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Tips for Writing an Essential Services Worker Letter During COVID-19

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This document is for employers to help support essential workplace travel under the “stay-at-home” orders applicable to your jurisdiction. It provides a sample essential worker letter which can be customized to meet your needs.

In all cases, guidance from local public health authorities must be followed and general COVID-19 prevention practices should be implemented, as outlined in “Protect Yourself and Others from COVID-19”.

Consider the Need for an Essential Service Worker Letter

Canada has issued Emergency Orders under the Quarantine Act that only allows organizations that provide essential services or functions to remain open. Travel outside and within Canada may also be subject to isolation or quarantine conditions. As the COVID-19 pandemic changes, each province and territory may issue its own lock-down, curfew, or stay-at-home-order to comply with. Check here often to keep informed.

Employers may choose to provide essential service letters to their employees who travel to and from work for essential services or functions. Such letters can help employers and workers show how they are complying with stay-at-home exemptions.

Tips for Writing an Essential Service Worker Letter

  • Prepare the letter on company letter head and use your company logo if applicable.
  • Prepare one letter for each employee.
  • Ensure the letter is dated.
  • Consider adding a date when the letter is no longer valid or requires an update.
  • Provide supporting information describing how the employer and the employee’s position meet the essential services or functions under the Quarantine Act. Example: Your business is a restaurant providing take out and food delivery, and your employee works as a cook preparing the food.
  • Limit the personal information you provide. Your employee’s name and position may be all that is required. Social insurance numbers (SIN), birthdates and driver license numbers should not be included in the letter. Employees may need to carry a government issued proof of their identity (such as a driver’s license) in case such information is necessary.
  • Determine who in the organization will have the authority to sign this letter. Ensure that their name, position, and contact information (e.g., cell phone number) is provided on the letter.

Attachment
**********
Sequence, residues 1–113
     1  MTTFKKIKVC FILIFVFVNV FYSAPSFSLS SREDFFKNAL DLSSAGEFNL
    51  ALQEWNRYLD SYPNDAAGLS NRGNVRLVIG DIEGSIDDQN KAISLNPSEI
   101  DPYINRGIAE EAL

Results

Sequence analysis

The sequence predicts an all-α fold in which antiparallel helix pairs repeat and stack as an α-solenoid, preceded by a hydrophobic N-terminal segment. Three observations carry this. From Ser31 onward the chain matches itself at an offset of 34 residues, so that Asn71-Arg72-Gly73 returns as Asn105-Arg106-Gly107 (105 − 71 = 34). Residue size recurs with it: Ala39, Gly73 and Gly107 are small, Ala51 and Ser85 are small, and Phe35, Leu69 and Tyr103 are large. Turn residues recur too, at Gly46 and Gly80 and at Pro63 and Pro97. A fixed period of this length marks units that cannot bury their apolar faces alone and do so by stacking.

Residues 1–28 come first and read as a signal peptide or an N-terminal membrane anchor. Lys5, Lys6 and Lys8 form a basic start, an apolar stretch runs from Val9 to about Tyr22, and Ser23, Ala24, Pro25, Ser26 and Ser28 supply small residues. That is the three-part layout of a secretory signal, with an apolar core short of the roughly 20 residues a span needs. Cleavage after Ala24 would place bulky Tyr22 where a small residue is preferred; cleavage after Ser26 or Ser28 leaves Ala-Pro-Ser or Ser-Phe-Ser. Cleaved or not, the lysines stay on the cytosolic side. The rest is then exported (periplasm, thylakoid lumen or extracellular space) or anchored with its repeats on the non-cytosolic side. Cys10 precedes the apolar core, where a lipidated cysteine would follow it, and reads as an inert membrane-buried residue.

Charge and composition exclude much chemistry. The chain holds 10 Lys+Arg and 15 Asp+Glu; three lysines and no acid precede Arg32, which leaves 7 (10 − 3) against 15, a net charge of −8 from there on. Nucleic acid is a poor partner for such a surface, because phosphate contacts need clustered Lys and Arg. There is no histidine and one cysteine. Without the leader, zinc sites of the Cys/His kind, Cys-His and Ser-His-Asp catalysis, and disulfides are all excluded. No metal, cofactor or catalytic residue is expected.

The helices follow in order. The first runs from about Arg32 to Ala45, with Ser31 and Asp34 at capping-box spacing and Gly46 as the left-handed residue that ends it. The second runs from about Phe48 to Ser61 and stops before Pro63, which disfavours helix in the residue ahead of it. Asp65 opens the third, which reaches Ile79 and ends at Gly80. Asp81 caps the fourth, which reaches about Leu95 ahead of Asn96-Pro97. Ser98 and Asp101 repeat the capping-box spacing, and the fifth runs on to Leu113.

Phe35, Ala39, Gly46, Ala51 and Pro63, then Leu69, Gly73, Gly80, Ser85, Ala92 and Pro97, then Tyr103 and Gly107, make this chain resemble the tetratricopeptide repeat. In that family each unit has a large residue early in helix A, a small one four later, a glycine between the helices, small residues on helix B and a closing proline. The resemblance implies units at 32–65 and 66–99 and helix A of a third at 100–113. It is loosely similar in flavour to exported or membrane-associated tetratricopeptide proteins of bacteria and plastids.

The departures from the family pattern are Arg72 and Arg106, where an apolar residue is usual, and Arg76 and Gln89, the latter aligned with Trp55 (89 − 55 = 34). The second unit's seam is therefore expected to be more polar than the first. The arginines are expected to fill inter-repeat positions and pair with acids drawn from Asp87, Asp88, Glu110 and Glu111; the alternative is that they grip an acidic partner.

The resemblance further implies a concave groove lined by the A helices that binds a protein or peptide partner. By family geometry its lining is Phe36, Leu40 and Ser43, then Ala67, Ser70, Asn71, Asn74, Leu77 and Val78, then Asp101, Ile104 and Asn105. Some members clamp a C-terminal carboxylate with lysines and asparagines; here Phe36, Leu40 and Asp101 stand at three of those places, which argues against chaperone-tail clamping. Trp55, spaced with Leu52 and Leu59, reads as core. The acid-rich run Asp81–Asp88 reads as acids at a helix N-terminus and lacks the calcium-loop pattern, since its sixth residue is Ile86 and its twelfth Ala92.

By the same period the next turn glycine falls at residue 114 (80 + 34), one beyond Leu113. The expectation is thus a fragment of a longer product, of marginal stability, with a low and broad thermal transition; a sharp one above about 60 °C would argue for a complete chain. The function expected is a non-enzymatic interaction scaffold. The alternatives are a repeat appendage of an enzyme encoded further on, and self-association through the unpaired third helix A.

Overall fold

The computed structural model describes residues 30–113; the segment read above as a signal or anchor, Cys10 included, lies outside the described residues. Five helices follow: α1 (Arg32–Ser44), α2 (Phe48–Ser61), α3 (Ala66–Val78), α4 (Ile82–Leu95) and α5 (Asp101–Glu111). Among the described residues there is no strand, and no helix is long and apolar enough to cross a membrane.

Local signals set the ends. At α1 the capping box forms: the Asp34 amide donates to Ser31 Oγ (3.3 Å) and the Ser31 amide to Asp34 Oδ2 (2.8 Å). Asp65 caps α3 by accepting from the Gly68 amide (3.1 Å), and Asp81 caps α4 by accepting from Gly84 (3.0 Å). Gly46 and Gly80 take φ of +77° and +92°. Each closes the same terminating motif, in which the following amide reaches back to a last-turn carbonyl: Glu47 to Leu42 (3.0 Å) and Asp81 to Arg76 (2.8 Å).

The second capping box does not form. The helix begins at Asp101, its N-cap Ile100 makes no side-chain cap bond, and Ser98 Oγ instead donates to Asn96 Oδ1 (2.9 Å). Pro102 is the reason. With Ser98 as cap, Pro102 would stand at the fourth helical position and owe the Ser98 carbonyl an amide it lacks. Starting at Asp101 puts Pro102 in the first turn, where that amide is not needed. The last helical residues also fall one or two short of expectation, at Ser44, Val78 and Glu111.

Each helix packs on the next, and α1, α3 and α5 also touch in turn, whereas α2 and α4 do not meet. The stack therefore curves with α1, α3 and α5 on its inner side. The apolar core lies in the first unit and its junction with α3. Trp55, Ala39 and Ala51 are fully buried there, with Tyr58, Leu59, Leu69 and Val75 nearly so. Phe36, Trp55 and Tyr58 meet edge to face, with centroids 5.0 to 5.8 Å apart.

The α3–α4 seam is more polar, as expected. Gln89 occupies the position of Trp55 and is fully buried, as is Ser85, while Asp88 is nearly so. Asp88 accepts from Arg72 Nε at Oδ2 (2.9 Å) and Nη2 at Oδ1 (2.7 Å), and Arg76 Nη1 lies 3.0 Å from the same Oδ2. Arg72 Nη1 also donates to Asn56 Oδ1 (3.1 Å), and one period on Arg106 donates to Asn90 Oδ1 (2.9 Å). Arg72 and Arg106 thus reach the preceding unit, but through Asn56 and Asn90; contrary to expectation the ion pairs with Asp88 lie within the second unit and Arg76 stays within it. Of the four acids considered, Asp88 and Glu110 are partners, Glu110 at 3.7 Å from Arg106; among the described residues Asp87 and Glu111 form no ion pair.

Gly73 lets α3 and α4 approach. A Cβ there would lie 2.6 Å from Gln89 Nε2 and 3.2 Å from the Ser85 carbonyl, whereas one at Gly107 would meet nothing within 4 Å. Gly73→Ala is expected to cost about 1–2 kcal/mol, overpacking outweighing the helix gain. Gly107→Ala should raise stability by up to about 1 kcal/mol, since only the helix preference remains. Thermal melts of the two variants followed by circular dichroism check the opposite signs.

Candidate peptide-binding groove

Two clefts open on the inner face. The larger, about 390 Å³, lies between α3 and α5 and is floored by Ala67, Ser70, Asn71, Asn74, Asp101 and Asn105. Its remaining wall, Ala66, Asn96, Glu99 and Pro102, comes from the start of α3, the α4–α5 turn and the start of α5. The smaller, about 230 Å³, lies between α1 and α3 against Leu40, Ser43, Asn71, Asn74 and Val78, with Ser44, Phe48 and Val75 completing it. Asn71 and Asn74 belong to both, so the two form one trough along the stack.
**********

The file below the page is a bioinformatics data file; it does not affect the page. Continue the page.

• Provide one copy to your employee and keep one for your records.
  • Remind employees to keep their letters with them while traveling for work purposes.
  • Follow your applicable privacy legislation to ensure that the information is collected, used and stored appropriately.

Also refer to any guidance from your local jurisdiction regarding the required content and format of the essential service letter.

Example of an Essential Service Worker Letter

____________________Employer Letter Head / Logo___________________________

Effective Date: YYYY MM DD                                                         Review Date: YYYY MM DD

To Whom It May Concern:  ________________________________________________________

Re: Essential Worker Status

Employee Name: ________________________________________________________________

Job Title:  ______________________________________________________________________

Workplace:  ____________________________________________________________________

Workplace Address: _____________________________________________________________

Normal Work Hours: __________________ Shift work: Y/N

Essential Service Industry: (e.g., food)

Essential Function: (e.g., restaurant worker supporting take-out and food delivery)

This letter confirms that EMPLOYEE NAME is an essential worker performing an essential service in accordance with the Government of Canada’s Guidance on Essential Services and Functions in Canada during the COVID-19 Pandemic.

Employer Signature

Employer Name

Employer Job Title

Employer Contact Number (e.g., cell phone)


It is important that mental health resources and support are provided to all workers, including access to an employee assistance program, if available.

For further information on COVID-19, refer to the Public Health Agency of Canada.

Note that this guidance is just some of the adjustments organizations can make during a pandemic. Adapt this list by adding your own good practices and policies to meet your organization’s specific needs.
For further information on respiratory infectious diseases, including COVID-19, refer to the Public Health Agency of Canada.

Disclaimer: As public and occupational health and safety information may continue to change, local public health authorities should be consulted for specific, regional guidance. This information is not intended to replace medical advice or legislated health and safety obligations. Although every effort is made to ensure the accuracy, currency, and completeness of the information, CCOHS does not guarantee, warrant, represent or undertake that the information provided is correct, accurate or current. CCOHS is not liable for any loss, claim, or demand arising directly or indirectly from any use or reliance upon the information.

Document last updated February 15, 2021